The EESC issues between 160 and 190 opinions and information reports a year.
It also organises several annual initiatives and events with a focus on civil society and citizens’ participation such as the Civil Society Prize, the Civil Society Days, the Your Europe, Your Say youth plenary and the ECI Day.
The EESC brings together representatives from all areas of organised civil society, who give their independent advice on EU policies and legislation. The EESC's326 Members are organised into three groups: Employers, Workers and Various Interests.
The EESC has six sections, specialising in concrete topics of relevance to the citizens of the European Union, ranging from social to economic affairs, energy, environment, external relations or the internal market.
The European Economic and Social Committee (EESC) hopes its seminar, which focused on some of the most pressing issues faced by Europeans today, will encourage people to share their ideas and concerns on the Conference on the Future of Europe's online space, making it a true democratic exercise and helping to build a more positive narrative for Europe
On 18 and 19 November the EESC held its annual flagship communication event, the Connecting EU seminar, as part of the Conference on the future of Europe. Organised in partnership with the Portuguese Economic and Social Council, the seminar took place at the Gulbenkian Foundation in Lisbon.
The three topics were chosen from the nine proposed for citizens' CoFoE discussions. The conclusions of the seminar will be recorded on the CoFoE's interactive multilingual platform which allows people to share their views on the proposed topics.
Opening the seminar, EESC President Christa Schweng said: We believe that the Conference will only be a success if we manage to get the EU closer to its citizens and let them rediscover an emotional link with the EU. We have to make sure it does not remain an empty exercise.To ensure accountability and transparency I propose a dashboard that will clearly define the proposals of the Conference. Its result has to be in line with the opinions expressed by citizens and then followed by decision makers.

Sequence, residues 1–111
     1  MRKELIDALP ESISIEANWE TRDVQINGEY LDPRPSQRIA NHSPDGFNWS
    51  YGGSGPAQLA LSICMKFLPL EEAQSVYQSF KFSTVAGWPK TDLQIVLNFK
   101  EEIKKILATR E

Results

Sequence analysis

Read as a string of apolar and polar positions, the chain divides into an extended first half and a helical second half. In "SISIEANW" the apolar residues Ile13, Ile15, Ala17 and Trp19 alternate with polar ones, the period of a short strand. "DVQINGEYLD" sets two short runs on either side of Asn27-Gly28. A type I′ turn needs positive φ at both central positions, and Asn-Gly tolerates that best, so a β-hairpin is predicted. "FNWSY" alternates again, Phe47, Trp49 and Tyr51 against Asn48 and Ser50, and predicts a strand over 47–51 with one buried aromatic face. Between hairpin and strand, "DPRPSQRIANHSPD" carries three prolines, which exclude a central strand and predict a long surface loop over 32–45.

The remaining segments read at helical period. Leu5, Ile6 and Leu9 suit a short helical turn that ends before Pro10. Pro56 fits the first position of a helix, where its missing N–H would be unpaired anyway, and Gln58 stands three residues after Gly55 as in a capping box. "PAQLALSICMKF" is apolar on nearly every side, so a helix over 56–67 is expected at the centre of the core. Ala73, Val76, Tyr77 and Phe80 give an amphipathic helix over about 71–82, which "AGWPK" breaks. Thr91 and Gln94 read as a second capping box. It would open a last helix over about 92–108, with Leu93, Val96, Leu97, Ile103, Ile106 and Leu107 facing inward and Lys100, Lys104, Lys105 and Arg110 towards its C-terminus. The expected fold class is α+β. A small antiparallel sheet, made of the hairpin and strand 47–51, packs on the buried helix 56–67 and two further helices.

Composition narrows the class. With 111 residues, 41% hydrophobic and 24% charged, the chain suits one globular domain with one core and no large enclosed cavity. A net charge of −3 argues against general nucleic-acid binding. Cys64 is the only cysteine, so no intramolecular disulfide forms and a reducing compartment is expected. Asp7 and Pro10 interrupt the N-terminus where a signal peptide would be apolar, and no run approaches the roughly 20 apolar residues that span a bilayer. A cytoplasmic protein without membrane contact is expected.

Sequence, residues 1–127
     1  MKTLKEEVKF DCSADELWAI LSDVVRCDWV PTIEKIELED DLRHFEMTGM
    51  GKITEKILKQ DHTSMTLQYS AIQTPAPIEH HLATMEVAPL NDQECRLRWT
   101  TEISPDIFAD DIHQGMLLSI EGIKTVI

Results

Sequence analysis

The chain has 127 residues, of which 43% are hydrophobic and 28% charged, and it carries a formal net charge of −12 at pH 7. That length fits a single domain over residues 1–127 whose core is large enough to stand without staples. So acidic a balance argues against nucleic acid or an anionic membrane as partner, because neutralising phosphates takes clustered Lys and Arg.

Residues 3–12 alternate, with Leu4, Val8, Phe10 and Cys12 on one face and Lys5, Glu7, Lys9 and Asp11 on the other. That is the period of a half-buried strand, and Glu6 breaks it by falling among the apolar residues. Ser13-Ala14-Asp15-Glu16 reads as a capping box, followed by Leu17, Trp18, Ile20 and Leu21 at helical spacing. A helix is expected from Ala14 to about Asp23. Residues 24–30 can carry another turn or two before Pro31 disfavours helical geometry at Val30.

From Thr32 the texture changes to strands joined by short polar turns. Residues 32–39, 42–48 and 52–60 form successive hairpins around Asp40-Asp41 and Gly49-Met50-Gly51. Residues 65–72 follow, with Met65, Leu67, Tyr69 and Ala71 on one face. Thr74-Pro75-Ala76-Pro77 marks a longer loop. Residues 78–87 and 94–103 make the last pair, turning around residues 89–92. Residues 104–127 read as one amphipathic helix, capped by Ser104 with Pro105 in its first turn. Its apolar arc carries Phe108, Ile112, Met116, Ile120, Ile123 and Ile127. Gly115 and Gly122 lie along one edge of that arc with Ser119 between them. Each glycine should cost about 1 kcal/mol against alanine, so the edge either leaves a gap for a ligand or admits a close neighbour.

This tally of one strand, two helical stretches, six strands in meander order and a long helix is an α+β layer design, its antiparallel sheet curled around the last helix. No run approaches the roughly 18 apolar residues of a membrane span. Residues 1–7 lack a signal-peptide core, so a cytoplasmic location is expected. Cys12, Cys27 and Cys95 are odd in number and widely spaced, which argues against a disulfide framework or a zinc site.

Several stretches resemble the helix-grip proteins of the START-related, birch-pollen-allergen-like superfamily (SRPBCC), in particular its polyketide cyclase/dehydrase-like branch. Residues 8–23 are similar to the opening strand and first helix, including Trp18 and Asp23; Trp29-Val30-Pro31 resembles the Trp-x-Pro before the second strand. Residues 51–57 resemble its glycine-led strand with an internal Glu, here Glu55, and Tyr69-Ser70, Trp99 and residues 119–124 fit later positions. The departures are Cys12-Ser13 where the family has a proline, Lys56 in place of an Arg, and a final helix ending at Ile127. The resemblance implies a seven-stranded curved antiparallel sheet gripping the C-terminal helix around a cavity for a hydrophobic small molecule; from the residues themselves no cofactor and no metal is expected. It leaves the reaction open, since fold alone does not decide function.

The European Union is delivering. We should be proud of it and we should dare to dream about even more. One of the main priorities of the EESC for this Conference and I believe one of the keys to its success is to define a new narrative for Europe, one that puts civil society back in the driving seat, Ms Schweng concluded.
EESC Vice President for Communication Cillian Lohan said: The 92 million citizens that our EESC members represent give us strength and give us our identity. I am proud to have organised this ConnectingEU to ensure we make the most of that powerful network.
The keynote speech was delivered by Miguel Poiares Maduro, professor at the Catholic University of Portugal and the School of Transnational Governance at the European University Institute in Florence, and president of the Scientific Committee of the Gulbenkian Foundation's Future Forum.
Prof. Maduro said: The EU will have to be politically reorganised to be capable of politically reconciling the contrasting views of its people on some pressing issues like migration. Politics is still very nationally framed. But countries no longer have any power over big transnational companies. The EU has regulatory powers to bring them to account and this could be the added value of the EU for its citizens.
However, Prof. Maduro noted that the format the EU chose for the Conference – deliberative assemblies of citizens discussing a very broad range of topics – is a high risk method, as it might backfire if citizens' expectations are not met at the end of the process. The scope of the results of the Conference will, in his view, be largely determined by whether or not the EU Treaties are amended.